The facts are clear that plaintiff should have known. On July 28, 1992, she complained to Occupational Health Services of swelling and rashes on her hands and face, which she associated with the use of latex gloves. She met with a dermatologist, Dr. Vonderheid, the following day. Although her recollection of the visit is vague, she explicitly does not challenge the accuracy of Vonderheid's notes — i.e., that her problems occurred after wearing gloves for approximately one hour; she was diagnosed with probable latex allergy; and the possibility of anaphylaxis was explained to her. For a registered nurse to have received that information from a physician*fn14 could well be enough to have activated the limitations period, without more.*fn15 See Ackler v. Raymark Indus., Inc., 380 Pa. Super. 183, 194, 551 A.2d 291, 296 (1988) (citation omitted) ("Once a plaintiff knows, or should of known that he [or she] has suffered an injury, the statute of limitations then gives him [or her] the opportunity to select and consult with a lawyer, conduct the necessary investigation and commence suit. Two years is ample time in which to commence suit in a creeping disease case after the plaintiff acquires the requisite knowledge."). But in any event, the dermatologist's examination and preliminary diagnosis triggered her duty of inquiry; waiting for almost three years to consult an allergist was an unreasonable lack of follow-up as a matter of law. See Ingenito v. AC & S, Inc., 430 Pa. Super. 129, 134, 633 A.2d 1172, 1175 (1993) ("diligent investigation may require one to seek further medical examinations as well as competent legal representation").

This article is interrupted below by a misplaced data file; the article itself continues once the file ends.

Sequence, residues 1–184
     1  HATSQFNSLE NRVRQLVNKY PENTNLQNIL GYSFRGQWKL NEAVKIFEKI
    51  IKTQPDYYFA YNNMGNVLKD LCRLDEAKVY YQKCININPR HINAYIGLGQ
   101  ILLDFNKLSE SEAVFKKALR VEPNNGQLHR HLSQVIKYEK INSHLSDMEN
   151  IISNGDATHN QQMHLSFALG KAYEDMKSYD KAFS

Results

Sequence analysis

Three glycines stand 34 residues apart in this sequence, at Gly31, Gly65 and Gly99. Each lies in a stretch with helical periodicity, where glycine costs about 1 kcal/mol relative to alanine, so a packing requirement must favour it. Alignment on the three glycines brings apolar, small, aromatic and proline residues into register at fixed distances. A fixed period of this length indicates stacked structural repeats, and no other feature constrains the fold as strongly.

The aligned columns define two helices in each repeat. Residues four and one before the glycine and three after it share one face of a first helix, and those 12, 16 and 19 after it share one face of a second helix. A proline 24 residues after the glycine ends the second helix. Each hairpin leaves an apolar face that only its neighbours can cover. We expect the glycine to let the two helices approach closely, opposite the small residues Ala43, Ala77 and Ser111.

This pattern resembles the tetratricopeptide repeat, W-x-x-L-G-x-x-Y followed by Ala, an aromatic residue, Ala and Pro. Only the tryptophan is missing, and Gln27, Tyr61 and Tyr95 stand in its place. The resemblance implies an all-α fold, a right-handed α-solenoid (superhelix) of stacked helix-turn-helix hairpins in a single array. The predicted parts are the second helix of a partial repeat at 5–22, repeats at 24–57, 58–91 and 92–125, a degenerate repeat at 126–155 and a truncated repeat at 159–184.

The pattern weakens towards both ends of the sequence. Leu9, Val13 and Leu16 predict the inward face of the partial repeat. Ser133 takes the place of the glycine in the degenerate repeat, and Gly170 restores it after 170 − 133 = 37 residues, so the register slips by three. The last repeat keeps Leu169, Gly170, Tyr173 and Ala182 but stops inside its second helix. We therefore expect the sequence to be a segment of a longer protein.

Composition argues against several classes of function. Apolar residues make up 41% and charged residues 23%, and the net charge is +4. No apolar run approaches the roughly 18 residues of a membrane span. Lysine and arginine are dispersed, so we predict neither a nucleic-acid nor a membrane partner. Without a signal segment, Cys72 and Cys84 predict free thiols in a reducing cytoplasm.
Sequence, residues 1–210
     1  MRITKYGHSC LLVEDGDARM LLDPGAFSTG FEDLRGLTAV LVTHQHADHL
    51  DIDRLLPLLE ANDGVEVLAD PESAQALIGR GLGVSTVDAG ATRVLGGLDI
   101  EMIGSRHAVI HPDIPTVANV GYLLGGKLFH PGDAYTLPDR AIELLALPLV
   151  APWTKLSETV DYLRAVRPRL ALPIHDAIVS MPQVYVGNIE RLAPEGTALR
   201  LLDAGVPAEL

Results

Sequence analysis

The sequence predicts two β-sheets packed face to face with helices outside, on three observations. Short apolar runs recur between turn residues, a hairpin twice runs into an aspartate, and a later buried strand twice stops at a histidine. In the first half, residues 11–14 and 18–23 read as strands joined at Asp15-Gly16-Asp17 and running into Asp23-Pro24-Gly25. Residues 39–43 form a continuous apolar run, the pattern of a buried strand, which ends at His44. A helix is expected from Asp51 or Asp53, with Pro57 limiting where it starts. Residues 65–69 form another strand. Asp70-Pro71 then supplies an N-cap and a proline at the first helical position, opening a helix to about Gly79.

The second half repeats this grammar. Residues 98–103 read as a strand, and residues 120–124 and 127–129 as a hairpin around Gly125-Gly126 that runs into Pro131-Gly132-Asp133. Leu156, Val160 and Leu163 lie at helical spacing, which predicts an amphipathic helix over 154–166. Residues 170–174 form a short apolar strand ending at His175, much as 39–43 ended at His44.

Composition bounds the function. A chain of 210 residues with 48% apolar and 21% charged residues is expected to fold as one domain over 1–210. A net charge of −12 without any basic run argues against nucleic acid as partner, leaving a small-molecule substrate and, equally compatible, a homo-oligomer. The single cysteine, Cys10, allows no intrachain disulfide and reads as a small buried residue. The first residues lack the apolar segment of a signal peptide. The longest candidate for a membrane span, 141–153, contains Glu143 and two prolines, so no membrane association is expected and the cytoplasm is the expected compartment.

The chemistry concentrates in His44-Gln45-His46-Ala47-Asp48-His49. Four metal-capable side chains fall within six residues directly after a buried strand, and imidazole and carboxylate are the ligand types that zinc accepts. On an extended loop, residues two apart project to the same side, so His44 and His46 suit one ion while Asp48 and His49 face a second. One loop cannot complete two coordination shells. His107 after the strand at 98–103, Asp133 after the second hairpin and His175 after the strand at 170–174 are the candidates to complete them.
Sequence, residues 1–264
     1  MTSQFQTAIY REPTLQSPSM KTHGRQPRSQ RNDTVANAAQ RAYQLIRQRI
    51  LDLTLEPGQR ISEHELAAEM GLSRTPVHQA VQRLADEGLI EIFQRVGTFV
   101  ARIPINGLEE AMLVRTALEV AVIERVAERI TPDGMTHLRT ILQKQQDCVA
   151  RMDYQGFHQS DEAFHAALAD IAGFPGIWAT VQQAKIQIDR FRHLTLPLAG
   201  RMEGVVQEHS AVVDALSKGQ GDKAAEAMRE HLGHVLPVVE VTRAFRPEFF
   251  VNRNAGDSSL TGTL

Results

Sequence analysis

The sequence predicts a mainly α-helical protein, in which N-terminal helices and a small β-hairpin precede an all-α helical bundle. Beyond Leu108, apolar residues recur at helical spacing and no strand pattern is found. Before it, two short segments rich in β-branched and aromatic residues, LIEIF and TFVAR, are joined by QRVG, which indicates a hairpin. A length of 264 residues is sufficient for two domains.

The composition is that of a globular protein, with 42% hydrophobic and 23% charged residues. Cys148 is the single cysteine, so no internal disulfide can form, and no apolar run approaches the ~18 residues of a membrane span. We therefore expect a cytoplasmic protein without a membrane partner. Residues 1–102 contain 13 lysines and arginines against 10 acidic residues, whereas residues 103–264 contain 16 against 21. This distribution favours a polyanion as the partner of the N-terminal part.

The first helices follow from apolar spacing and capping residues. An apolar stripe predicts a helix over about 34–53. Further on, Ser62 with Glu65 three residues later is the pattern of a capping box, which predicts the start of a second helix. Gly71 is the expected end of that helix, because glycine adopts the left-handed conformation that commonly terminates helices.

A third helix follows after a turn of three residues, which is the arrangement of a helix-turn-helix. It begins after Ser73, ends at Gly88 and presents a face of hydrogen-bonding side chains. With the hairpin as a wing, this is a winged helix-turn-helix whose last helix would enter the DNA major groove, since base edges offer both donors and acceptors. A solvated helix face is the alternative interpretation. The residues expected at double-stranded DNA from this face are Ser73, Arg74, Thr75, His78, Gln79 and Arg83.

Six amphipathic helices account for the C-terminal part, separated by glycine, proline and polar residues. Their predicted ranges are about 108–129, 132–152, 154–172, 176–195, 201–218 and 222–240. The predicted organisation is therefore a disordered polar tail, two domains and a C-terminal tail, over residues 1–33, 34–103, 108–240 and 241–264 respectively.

In another type of creeping disease case, Trieschock v. Owens Corning Fiberglas Co., 354 Pa. Super. 263, 511 A.2d 863 (1986), plaintiff was told in March, 1982 by a company doctor that he might have asbestosis. Plaintiff had been asymptomatic prior to this preliminary diagnosis. On April 8, 1982, the diagnosis was confirmed by an independent pulmonary specialist. Plaintiff filed suit on April 6, 1984. In applying the discovery rule, the decision stated:

While the tentative diagnosis of suspected asbestosis was not sufficient to start the running of the statute of limitations, we believe it should be considered to have activated a duty on [plaintiff's] part to determine, with due diligence, whether he did, in fact, have that disease. The absence of such a duty would mean that a potential plaintiff with a tentative diagnosis could wait indefinitely before acting to confirm it. That would not be consonant with the purposes served by the statute of limitations.

Id. at 268, 511 A.2d at 866. Here, given her acute complaints and past history, the diagnosis of probable latex allergy, and the warning about anaphylaxis, plaintiff was required by limitations law to obtain further medical advice. Had she done so, she would have either found out about the type-I injury alleged in her complaint or been able to show that even with due diligence, discovery would not have occurred. According to the evidence, the latter alternative is improbable.*fn16